Feelings of any kind, apparently related to sex or not, are another form of energy flowing. The word emotion literally means moving through. Feelings want to flow, and they will flow through us fast if we allow them, but we often block them because we are afraid of them. Yet, when we learn to pay attention to them, they are a glorious source of information, telling us everything we need to know about what is true and right for each of us. This flow of feeling is often called intuition, and when we are a clear vessel (when we are no longer storing and blocking old feelings), it is a physical sensation that never lies.
Feelings are not factual, but they affect people very strongly—usually much more strongly than facts. No feelings (as opposed to expression of feelings) are right or wrong—they just are and need no justification. Trying to rationalize them (“Well, you did blah blah, so I have a right to be angry!”) is pointless, although many people do this in order to justify behaving badly because they have not been able to control the expression of an emotion. However, feelings do always arise from something, and if a negative feeling is overpowering, it’s sometimes worth finding your way back to the place or time where it first arose, in order to help to resolve it. The resolution of a feeling is always about allowing the flow of energy which manifests as the feeling. Frequently it is not even necessary to label a feeling, just let it pass.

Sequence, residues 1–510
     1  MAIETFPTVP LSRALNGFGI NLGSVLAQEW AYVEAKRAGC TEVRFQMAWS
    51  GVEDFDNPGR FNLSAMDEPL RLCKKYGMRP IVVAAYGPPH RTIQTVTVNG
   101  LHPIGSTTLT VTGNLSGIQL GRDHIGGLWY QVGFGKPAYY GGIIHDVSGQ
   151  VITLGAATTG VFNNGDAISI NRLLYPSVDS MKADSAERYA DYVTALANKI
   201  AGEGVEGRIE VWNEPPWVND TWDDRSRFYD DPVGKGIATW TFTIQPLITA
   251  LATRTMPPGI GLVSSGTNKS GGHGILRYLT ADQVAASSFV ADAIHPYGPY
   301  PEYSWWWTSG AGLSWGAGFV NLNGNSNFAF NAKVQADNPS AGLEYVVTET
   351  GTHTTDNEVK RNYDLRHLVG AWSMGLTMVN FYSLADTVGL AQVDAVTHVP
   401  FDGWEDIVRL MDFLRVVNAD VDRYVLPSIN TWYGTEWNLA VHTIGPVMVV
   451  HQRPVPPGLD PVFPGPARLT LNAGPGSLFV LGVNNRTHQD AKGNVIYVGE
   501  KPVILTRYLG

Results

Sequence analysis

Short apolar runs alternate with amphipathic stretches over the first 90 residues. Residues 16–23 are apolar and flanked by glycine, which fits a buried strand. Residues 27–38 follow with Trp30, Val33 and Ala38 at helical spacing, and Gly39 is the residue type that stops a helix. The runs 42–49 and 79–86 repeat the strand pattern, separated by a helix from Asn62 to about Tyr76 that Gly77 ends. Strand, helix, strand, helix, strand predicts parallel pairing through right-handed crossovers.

The place where those feelings first arose is often our childhood when we were forced to try to ignore them in the process of trying to be an adult. Denying feelings requires tremendous energy in the long run (and many people deny them for many years). Holding our bodies tightly so that the feelings won’t flow is a major source of stress, and trying to block the flow is rarely one hundred percent effective, so unexpressed feelings leak out in unpleasant ways, which usually makes a person unpleasant to be around. The extraordinary thing is that even the most difficult feelings will transform, often very quickly, when they are expressed – allowed to flow, that is—and the sense of freedom that suffuses us when we do that is unparalleled. Learning to express emotions as they arise, without dumping them on others, is an important aspect of what being adult really is about. It is an art, and not an easy one to learn. Yet the importance of learning that skill–of allowing one’s body to express itself, of being demonstrative without being violent–can not be underestimated.